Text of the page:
Softs this morning are mixed with May sugar -0.06 (-0.50%), May coffee -0.15 (-0.13%), May cocoa -11 (-0.41%), and May cotton +0.14 (+0.17%). Softs on Monday settled mixed: May sugar -0.10 (-0.83%), May coffee -3.05 (-2.60%), May cocoa +138 (+5.38%), May cotton -0.16 (-0.19%). May sugar on Monday closed lower. May sugar has trended lower over the past 5-weeks down to a 2-1/2 year nearest-futures low last Wednesday as signs of abundant supplies fueled fund selling. Unica reported Brazil's Center-South 2017/18 sugar output in the crop year through Mar rose +1.21% y/y to 36.059 MMT with the percent of sugar used for ethanol down to 53.54% from 53.71% last year. Also, the Brazilian real plunged to a 16-month low against the dollar last Tuesday, which provides incentive for Brazil's sugar producers to boost more-profitable exports with the weak real. Other bearish supply factors included (1) the forecast by the Thailand Office of Cane and Sugar Board for Thailand 2017/18 sugar production to rise to a record 12 MMT, and (2) the forecast by India's SMA that India's 2017/18 sugar production will rise to a record 29.5 MMT and that India may boost its sugar exports to a 4-year high of 2 MMT because of the record output. India also recently scrapped its 20% duty on sugar exports, which should spur an increase in its sugar exports. ISO projects a global 2017/18 sugar surplus of +5.03 MMT following the global 2016/17 deficit of -6.465 MMT. The USDA's Foreign Agricultural Service (FAS) on Nov 17 forecasted (1) a record 2017/18 global sugar surplus of 10.73 MMT, and (2) record global 2017/18 sugar production of 184.95 MMT.

May coffee prices slumped to a 9-3/4 month nearest futures low Monday as the outlook for abundant coffee supplies spurred fund selling of coffee futures. Safras on Thursday projected Brazil 2018/19 coffee production may jump +20% to a record 60.5 mln bags amid beneficial weather. Safras also hiked its Brazil 2017/18 coffee production estimate to 50.6 mln bags from a prior estimate of 50.45 mln bags. Current supplies are robust as ICE-monitored coffee inventories rose to a 2-1/2 month high Thursday of 1.957 mln bags and are just below Jan's 2-1/4 year high of 2.017 mln bags. Meanwhile, Vietnam said it expects its 2018 coffee exports to rise +9% y/y to 1.55 MMT. ICO projects that global 2017/18 coffee production will climb +0.8% y/y to a record 158.93 mln bags. On the supportive side, the USDA projects that global 2017/18 coffee ending stocks will fall -8.6% to a 5-year low of 29.3 mln bags, and U.S. Mar green coffee inventories fell -2.3% y/y to 6.567 mln bags.

May cocoa prices on Monday soared to a 17-month nearest-futures high on optimism about stronger cocoa demand amid tighter supplies. This week's data is expected to show European Q1 cocoa processing rose +3.4% to a 6-year high of 351,292 MT and North American Q1 cocoa processing rose +1.5% y/y to 121,954 MT. Also, Barry Callebaut, the world's top cocoa processor, reported global chocolate sales rose +2.5% y/y from Aug-Jan. Ivory Coast farmers delivered 1.517 MMT of cocoa beans to Ivory Coast ports during Oct 1-Apr 15, down -0.6% y/y. Cocoa prices have rallied sharply this year on dry weather in the Ivory Coast, which has received less than 75% of normal rainfall over the past month, according to Speedwell Weather. Cocoa purchases from the Cocoa Bard of Ghana, the world's second-biggest cocoa producer, have fallen -2.7% y/y to 642,451 MT from Oct 13-Mar 15. ICCO projects that 2017/18 global cocoa production will fall -2.3% y/y to 4.638 MMT and that the global cocoa surplus will fall to +105,000 MT from 2016/17's 6-year high surplus of 300,000 MT.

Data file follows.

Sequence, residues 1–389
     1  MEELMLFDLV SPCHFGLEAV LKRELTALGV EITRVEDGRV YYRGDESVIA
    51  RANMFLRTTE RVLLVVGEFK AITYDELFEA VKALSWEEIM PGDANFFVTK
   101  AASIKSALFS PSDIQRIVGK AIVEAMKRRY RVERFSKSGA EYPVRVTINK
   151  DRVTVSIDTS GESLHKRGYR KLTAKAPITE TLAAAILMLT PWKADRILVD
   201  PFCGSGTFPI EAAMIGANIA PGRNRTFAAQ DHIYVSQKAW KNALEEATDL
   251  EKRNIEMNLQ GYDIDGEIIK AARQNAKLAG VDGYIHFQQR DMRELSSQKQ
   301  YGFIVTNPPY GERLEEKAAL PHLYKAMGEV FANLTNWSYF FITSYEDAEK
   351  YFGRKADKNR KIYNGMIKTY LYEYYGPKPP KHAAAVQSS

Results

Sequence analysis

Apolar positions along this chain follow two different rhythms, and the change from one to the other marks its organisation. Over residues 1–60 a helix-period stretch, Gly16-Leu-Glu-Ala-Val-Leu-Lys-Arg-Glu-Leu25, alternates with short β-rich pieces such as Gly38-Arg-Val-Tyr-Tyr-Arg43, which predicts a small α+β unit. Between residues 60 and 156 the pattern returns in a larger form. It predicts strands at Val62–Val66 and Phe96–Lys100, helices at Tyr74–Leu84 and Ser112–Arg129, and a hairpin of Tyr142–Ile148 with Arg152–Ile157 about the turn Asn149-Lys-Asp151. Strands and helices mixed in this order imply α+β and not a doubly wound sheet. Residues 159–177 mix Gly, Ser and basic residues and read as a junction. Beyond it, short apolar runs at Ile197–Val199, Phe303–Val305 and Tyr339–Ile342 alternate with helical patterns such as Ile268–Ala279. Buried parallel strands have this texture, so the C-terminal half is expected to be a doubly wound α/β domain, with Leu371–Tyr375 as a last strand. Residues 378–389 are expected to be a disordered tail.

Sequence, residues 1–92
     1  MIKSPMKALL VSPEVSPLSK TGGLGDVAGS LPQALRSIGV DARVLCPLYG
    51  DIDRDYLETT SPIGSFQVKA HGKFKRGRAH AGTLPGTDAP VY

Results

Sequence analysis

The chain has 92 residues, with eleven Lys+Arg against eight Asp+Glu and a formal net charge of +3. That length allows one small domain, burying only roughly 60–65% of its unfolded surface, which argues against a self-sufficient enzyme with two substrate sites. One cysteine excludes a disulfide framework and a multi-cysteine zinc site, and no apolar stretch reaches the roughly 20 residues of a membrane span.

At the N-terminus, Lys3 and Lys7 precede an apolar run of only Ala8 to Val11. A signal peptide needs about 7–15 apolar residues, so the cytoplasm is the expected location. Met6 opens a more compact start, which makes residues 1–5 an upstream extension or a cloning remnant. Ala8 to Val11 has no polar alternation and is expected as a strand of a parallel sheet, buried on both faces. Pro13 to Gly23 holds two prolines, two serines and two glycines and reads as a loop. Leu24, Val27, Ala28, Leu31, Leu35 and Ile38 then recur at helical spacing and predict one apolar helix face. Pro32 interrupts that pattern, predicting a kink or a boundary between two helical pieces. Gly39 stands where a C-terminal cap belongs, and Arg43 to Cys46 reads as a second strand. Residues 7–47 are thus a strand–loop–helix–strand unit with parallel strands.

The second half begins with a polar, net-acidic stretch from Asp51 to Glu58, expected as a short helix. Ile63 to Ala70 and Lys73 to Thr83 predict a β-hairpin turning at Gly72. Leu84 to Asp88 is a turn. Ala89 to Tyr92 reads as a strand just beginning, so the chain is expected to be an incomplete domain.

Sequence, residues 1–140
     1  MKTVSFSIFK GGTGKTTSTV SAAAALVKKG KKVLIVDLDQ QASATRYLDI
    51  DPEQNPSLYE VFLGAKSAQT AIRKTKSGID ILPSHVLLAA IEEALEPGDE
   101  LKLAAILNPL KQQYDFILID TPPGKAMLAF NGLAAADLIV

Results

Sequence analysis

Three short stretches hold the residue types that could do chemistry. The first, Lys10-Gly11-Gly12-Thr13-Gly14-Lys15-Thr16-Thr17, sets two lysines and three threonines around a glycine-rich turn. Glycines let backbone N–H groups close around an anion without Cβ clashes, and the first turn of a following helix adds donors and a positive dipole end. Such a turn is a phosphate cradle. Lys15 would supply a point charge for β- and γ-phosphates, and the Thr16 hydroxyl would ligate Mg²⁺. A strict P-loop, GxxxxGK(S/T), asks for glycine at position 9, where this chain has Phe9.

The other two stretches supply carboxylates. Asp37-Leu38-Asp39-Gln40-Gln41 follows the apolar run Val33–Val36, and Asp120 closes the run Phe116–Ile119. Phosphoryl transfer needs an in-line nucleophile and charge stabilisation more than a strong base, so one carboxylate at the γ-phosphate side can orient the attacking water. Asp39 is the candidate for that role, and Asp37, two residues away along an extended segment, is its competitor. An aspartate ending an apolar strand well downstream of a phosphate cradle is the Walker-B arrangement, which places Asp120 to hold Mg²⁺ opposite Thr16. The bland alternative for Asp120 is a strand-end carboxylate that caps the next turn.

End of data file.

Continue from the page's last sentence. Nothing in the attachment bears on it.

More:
May cotton on Monday closed lower on forecasts for rains in Texas, which should boost soil moisture levels. Cotton rallied to a 1-month high Friday on bullish factors that included (1) projections from the China Cotton Association for 2018/19 cotton acreage in China, the world's biggest cotton grower, to fall -4% y/y to 2.8 mln hectares, (2) reduced trade tensions between the U.S. and China after Chinese President Xi Jinping promised to open Chinese markets, and (3) last Tuesday's WASDE report where the USDA raised its U.S. 2017/18 cotton export estimate to a 12-year high of 15 mln bales from 14.98 mln bales estimated in Mar. On the negative side, the USDA cut its U.S. 2017/18 cotton ending stocks estimate to 5.3 mln bales, more than expectations of 5.1 mln bales, and raised its global 2017/18 cotton production estimate to a 5-year high of 122.18 mln bales, up from a Mar estimate of 121.9 mln bales. Cotton prices on Apr 4 plunged to a 1-3/4 month low on the Chinese proposal to slap 25% tariffs on U.S. cotton exports. Chinese cotton demand has already weakened with China Jan-Feb cotton imports down -6.9% at 236.4 MT. Cotton still has support from the drought in the Southern Plains. The U.S. Drought Monitor reported that 28% of Texas (the biggest U.S. cotton-producing state) was in a severe-to-extreme drought as of Apr 10, up from 20% three months earlier. Cotton prices were undercut by the Mar 29 USDA Prospective Plantings forecast for 2018 U.S. cotton planted acreage of a 7-year high of 13.5 mln acres, more than expectations of 13.3 mln acres. Also, India, the world's second largest cotton producer, projects its 2017/18 cotton production will climb +9.8% y/y to a 3-year high of 37 mln bales. Cotton demand is a supportive factor as the USDA projects that global 2017/18 cotton use will climb to a 10-year high of 120.39 mln bales.